When I was involved in underground steel fuel system storage it was well documented that in a mixed system of old and new tanks that the new tanks would fail first. Something in the steel aging process made the old steel more anodic (or was it cathodic) so the new tanks ended up being sacrificial anodes to protect the old. Don
  5. NB

    Agreed. A dictionary is not inclusive of all usage Conversely, it is difficult to argue that, a significant type of English flat-bottomed boats for built for carrying freight, typically on canals and rivers, either under their own power or towed by another require a special exclusion from the barge definition. Don
  6. NB

    I think some enthusiasts can get overly precious on "correct" terminology The first ship I was on was the TEV Rangitira (Turbo Electric Vessel). The second the GMV Aramoana (Government Motor Vessel). I came to England on the RHMS Britanis) Royal Hellenic Mail Ship. NB seems a good way to designate barges built specifically to operate on the narrow canals of England, and the new recreational boats based descended from them. And yes, working narrowboats are barges, as defined in the Oxford Dictionary A flat-bottomed boat for carrying freight, typically on canals and rivers, either under its own power or towed by another. Don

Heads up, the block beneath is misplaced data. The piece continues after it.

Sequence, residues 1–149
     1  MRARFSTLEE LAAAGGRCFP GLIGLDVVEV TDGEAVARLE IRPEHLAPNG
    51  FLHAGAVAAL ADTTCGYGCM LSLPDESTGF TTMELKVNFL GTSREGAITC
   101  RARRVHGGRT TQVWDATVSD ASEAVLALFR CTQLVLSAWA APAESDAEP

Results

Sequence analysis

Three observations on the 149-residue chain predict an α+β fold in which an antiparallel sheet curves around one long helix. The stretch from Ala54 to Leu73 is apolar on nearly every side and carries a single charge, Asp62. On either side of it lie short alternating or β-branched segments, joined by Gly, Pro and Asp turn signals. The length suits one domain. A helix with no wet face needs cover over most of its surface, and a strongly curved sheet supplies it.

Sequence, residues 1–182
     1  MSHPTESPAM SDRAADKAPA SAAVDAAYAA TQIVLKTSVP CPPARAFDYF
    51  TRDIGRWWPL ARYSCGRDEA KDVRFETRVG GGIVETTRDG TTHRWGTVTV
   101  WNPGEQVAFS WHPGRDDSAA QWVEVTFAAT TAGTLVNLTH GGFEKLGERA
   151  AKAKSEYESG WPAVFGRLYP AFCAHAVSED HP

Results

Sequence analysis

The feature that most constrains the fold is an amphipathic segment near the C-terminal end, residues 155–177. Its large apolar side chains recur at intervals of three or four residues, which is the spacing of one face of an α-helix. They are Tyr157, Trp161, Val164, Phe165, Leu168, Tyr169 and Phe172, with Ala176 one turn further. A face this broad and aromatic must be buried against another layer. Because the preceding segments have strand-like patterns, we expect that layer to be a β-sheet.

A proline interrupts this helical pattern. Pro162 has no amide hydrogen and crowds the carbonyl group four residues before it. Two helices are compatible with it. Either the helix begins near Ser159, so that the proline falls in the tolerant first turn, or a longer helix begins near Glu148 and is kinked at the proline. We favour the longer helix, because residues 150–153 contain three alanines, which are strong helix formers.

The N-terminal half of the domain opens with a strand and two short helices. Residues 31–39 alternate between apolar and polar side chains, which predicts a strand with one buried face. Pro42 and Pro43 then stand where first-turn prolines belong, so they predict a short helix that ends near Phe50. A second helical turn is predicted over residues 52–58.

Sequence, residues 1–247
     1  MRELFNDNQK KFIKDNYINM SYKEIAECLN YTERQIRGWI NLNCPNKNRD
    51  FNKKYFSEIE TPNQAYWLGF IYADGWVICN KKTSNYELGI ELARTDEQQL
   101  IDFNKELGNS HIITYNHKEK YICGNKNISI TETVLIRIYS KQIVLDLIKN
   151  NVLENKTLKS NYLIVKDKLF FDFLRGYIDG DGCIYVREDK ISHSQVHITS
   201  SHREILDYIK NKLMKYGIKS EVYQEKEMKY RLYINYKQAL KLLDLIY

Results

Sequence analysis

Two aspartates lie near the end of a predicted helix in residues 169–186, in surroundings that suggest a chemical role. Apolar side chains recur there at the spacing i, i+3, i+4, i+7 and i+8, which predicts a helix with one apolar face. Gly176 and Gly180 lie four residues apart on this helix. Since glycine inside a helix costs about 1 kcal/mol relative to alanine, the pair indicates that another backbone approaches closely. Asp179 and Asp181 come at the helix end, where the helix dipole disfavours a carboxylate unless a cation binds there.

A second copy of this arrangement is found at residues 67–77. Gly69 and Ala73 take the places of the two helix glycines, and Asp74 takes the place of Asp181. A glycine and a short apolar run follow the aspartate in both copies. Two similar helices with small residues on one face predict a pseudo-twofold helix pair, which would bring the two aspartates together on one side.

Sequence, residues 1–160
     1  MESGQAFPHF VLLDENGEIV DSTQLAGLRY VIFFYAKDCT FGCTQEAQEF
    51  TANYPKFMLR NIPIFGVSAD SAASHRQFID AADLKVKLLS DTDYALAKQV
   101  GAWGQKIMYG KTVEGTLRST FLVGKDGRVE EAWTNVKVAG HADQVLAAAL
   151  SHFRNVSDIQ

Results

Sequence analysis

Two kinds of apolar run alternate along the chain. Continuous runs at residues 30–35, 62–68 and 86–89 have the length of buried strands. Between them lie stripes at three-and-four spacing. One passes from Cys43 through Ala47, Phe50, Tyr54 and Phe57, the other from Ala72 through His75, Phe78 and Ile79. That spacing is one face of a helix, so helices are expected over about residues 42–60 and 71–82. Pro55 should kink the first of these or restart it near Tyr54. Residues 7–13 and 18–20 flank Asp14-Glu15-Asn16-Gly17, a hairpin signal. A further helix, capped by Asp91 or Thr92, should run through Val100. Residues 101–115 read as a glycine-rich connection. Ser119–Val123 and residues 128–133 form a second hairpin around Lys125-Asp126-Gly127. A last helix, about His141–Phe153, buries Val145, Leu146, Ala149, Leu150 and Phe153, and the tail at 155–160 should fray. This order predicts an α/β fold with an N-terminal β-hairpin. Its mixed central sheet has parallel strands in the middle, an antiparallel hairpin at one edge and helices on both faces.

7. Last Sunday it was our last trip on Whio. A few hundred yards down to Rugby Boats. This Sunday an Auckland Harbour race on Waitangi. A restored 1894 built gaff rigged racing cutter.
  8. March of the Wide Beams

    Yeh Obesety is normally justified as comfort over functionality
  9. March of the Wide Beams

    Obese boats marching around aren't great. But just floating around, they're ok. Still don't look any good.
  10. Thanks for that wet vac. It was a challenge mooring in those huge gusts between the high rise buildings. Two people on the centreline and the bow thruster could not stop us blowing across the dock. No damage except the bow thruster batteries never recovered from the exertion and were sent ashore at the beginning of this year. There is more then one WHIO and I can assure you all the people we had on board this year would be extraordinarily flattered to be mistaken as our off spring.Must have been WH11 you saw!!! Don and Val